(ARA) - Lawns and gardens that are eye-catching have harmonious colorful plants in bloom and dramatic foliage varieties patterned in a way that appeals to the senses.
Unifying blooming and foliage plants in gardens has become a popular trend because it allows homeowners to think outside the box of traditional flower beds. If planted with care, a garden space can result in a heightened presence of sight, smell, movement and even touch. However, starting from scratch without proper knowledge can be tricky. From bold plant selection contrasts to color continuity, understanding bloom and foliage combinations will lead to an alluring escape in any backyard.
Foliage plants bring as much interest to the garden and provide as many options as blooming plants. However, these combinations often exist in the form of variegated textures and nontraditional color contrasts. It is important to keep in mind the differences between a flower bed and foliage design. Foliage is all about leaf shape, vein coloration, outlines and textures. Some foliage selections are tall, dramatic and vast; others are soft, petite and simple. Arrangements are often subtle and focus on creating a mood, drawing the eye outward or upward and creating dimension.
Because common foliage colors include variations of blues, silvers, greens and deep reds, a soothing design concept is often a favorite among homeowners. To achieve this delicate ambiance, it is best to use strong textural contrasts to insight supplemental interest instead of bright colors alone. A mix of matte and velvet-like foliage may be best for this style, with groupings of smooth and serrated edges.
The blue-green summer leaves of Heucherella 'Tapestry' are accented with deep-red veins which complement dark foliage plants such as the deep purple of Heuchera 'Plum Royale.'
Introducing soft hues blended with striking color contrasts adds range and seems to extend the space. Plant colors such as silver, auburn, russet and deep green will also add a calming effect and develop a sense of assortment without over-complicating the layout of the garden.
By choosing colors such as yellow, chartreuse, bright reds and greens, a foliage garden will take on a more vibrant energy. While vivid hues were once less common in foliage plants, many are now cultivated with high-level color power to tackle the need. When trying to make an impact, pair several bright- and true-green foliage varieties of different textures in an area with one or two unusual foliage colors. Complementing a heavy green palette with plants of crimson or wine will become an instant focal point. For example, the shiny, lacy leaves of Tiarella 'Sugar and Spice,' from Terra Nova Nurseries, have heavily marked reddish centers in summer. When used with Tiarella 'Mystic Mist,' showcasing bright green leaves with white-speckled variegation and red veins, the combo is breath-taking.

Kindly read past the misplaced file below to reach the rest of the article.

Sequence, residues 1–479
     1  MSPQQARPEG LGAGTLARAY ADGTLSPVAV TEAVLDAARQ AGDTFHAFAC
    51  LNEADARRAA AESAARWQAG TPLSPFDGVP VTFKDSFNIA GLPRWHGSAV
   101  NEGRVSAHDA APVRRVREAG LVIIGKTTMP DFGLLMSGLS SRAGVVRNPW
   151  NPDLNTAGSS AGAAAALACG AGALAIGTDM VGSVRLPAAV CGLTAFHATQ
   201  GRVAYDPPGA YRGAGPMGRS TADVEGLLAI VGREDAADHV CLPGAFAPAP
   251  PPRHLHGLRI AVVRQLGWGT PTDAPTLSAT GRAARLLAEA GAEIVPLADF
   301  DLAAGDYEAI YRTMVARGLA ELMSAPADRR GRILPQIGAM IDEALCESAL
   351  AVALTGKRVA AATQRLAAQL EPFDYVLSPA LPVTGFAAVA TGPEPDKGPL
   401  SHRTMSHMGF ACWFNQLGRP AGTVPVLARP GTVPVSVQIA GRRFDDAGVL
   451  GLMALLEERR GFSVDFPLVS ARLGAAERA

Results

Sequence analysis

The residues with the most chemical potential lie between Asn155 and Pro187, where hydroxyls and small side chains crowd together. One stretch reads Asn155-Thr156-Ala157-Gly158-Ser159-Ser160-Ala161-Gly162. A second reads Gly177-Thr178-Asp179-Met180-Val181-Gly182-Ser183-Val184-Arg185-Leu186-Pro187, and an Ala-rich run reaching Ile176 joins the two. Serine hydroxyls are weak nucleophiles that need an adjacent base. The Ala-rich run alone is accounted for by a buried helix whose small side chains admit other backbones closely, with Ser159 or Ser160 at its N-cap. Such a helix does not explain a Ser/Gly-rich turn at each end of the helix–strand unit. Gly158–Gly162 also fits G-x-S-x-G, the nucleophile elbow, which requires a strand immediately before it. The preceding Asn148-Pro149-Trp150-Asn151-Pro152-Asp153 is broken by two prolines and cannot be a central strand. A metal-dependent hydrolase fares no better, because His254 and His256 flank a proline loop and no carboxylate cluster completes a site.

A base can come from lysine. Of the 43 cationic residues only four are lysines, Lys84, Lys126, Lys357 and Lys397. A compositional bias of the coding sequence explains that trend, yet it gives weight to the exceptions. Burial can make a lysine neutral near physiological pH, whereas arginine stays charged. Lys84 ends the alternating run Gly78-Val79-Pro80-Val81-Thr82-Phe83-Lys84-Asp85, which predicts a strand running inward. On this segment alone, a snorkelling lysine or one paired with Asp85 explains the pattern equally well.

Two other garden-worthy options from the growers of Garden Splendor varieties include Sedum 'Angelina' with evergreen needle-like, yellow foliage that makes a stunning ground cover or container plant and Sorbaria 'Sem' boasting a spectacular chartreuse leaf accented with softer bronze-red young tips that turn green in summer.
When planning the colors for a landscape, especially spring or summer gardens, it is wise to think in terms of diversity. When placed together, flowering blooms in a variety of colors, shapes and sizes creates a medley with enticing appearance.
Professional growers like Terra Nova Nurseries and Garden Splendor make great strides each year to cultivate a wide range of colorful bloomers. Planting unexpected combinations like Echinacea 'Pink Poodle' and Echinacea 'Mac 'n' Cheese' will stop garden visitors in their tracks with a bold and beautiful surprise. The names alone are enough to draw attention.
The alternating-stripe blooms of Phlox 'Peppermint Twist' are a stunning choice for beds, borders and mass plantings. True to its name, pink and white blooms appear as if peppermint candy atop this compact grower.
Following the home-gardener trend of developing a collection or menagerie of color in the landscape, the Terra Nova Nurseries team introduced Echinacea 'Tomato Soup,' a coneflower with tomato-red blooms that can grow up to 3 feet tall. It follows Echinacea 'Tiki Torch,' now well known for its broad florets and burnished-copper seed cones. When creating beds, borders, containers, and other gardens, blooming color and attractive foliage will unify the areas by their sheer visual appeal. Courtesy of ARAcontent